HER ART STUDIO POSSESSES an almost industrial, spartan look. Clean lines. Tidy. Labels. Schedules. Everything just so.
Kip O’Krongly freely admits to her need for orderliness in the second floor ceramics studio of her Northfield home.
Here, in this slanted ceiling room with the tile floor she laid and with sunlight streaming in, Kip’s dog, Gertie, rests briefly on a blue and green plaid blanket below double windows. A short respite from visitors, like me, who have filtered into Kip’s studio and home during the South Central Minnesota Studio ARTour.
During this (last) weekend open house, I am visiting the studios of select artists I have not seen on past tours.
I am drawn to Kip’s place by the tractors, wind turbines and corn I’ve seen showcased online on her ceramics.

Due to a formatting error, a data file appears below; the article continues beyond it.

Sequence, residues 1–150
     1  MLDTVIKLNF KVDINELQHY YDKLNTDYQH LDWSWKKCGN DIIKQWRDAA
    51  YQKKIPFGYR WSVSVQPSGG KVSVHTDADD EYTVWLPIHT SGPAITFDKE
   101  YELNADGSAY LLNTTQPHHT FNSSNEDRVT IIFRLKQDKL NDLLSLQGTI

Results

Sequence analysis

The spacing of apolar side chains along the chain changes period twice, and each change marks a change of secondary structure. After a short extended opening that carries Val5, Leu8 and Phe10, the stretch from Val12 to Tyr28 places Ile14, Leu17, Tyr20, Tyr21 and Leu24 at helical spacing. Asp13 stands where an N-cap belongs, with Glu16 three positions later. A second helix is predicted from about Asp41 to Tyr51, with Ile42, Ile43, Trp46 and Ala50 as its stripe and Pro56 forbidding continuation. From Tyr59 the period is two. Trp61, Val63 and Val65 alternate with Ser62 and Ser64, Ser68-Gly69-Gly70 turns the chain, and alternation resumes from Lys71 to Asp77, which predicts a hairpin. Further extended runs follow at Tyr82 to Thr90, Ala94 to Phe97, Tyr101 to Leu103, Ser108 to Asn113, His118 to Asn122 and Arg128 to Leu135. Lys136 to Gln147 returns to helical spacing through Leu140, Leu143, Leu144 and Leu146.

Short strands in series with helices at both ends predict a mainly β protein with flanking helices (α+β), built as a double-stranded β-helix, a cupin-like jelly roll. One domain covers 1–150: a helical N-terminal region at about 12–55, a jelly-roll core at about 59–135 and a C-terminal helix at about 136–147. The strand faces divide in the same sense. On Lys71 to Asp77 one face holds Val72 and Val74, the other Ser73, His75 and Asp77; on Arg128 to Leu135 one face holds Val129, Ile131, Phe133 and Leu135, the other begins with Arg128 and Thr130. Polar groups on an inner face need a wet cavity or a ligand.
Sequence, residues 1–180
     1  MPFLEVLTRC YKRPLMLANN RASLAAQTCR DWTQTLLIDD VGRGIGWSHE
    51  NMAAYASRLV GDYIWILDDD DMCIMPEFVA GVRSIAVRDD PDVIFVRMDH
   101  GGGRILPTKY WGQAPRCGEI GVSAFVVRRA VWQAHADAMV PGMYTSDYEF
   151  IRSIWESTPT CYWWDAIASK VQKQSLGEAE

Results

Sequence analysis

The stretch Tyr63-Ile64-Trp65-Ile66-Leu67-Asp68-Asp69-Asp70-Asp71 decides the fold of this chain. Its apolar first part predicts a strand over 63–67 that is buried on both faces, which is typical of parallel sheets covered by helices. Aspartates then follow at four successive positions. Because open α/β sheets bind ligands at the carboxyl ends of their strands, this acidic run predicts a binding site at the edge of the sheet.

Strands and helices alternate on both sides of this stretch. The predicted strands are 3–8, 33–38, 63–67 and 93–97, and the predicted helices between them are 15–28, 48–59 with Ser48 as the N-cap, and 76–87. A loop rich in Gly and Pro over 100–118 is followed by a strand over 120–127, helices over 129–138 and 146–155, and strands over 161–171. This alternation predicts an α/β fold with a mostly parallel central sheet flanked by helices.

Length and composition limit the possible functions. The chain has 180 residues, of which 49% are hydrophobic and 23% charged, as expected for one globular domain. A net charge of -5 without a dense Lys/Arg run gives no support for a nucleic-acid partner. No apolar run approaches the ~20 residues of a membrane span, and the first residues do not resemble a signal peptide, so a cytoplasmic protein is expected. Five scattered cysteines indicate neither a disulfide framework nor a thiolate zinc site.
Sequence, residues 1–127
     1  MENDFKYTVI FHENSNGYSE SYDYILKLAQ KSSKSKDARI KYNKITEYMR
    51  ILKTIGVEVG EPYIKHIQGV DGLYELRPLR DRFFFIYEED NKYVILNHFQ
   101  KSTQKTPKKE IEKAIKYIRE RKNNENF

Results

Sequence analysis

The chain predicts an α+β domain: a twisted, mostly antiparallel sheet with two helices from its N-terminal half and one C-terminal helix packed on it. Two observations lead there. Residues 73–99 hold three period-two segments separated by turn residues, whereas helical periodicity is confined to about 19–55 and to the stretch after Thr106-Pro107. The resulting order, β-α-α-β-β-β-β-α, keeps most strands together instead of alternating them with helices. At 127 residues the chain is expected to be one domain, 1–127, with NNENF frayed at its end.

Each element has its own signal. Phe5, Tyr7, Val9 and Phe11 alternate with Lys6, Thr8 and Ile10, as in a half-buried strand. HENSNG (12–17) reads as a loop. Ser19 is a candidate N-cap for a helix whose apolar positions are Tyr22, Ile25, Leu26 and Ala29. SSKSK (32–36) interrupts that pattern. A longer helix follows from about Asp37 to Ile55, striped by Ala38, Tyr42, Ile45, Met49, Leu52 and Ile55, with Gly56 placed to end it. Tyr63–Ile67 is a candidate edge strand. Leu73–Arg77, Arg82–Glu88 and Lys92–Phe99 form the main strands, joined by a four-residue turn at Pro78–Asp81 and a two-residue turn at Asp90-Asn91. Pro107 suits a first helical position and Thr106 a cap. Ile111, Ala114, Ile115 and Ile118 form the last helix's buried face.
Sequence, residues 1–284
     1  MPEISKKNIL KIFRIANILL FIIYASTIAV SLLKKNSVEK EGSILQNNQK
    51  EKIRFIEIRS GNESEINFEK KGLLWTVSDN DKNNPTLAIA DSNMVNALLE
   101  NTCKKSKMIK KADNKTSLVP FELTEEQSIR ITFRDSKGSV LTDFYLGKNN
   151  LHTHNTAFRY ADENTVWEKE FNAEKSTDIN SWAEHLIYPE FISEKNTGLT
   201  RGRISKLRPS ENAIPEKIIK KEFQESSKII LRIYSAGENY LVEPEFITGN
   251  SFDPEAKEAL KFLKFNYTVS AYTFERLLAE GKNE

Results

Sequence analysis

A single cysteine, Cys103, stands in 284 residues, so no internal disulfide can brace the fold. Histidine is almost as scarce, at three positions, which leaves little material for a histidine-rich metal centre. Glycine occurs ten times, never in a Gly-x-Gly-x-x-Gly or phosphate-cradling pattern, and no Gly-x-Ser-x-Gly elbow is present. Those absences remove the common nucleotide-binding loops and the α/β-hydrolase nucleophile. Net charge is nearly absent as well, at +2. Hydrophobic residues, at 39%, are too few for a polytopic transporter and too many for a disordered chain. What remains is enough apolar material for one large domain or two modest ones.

She tells me that themes of food, transportation and energy run through her work. Once she points that out, I ask whether she was raised on a farm. No. Alaska.
We don’t get into details about the themes, but I mention that I grew up on the southwestern Minnesota prairie and am visually troubled by the wind turbines that populate the landscape, ruining, in my opinion, the aesthetics of the prairie.
Kip says she welcomes how her art opens up dialogue and the opportunity to hear differing opinions on social issues. And I sense her sincerity in stating that.
I am intrigued, too, by her name. Kip O’Krongly. It possess a certain snap, a certain strength, a certain ruggedness. I never ask. But I don’t need to. Her work, talent and confidence as an artist define Kip O’Krongly.
© Copyright 2013 Audrey Kletscher Helbling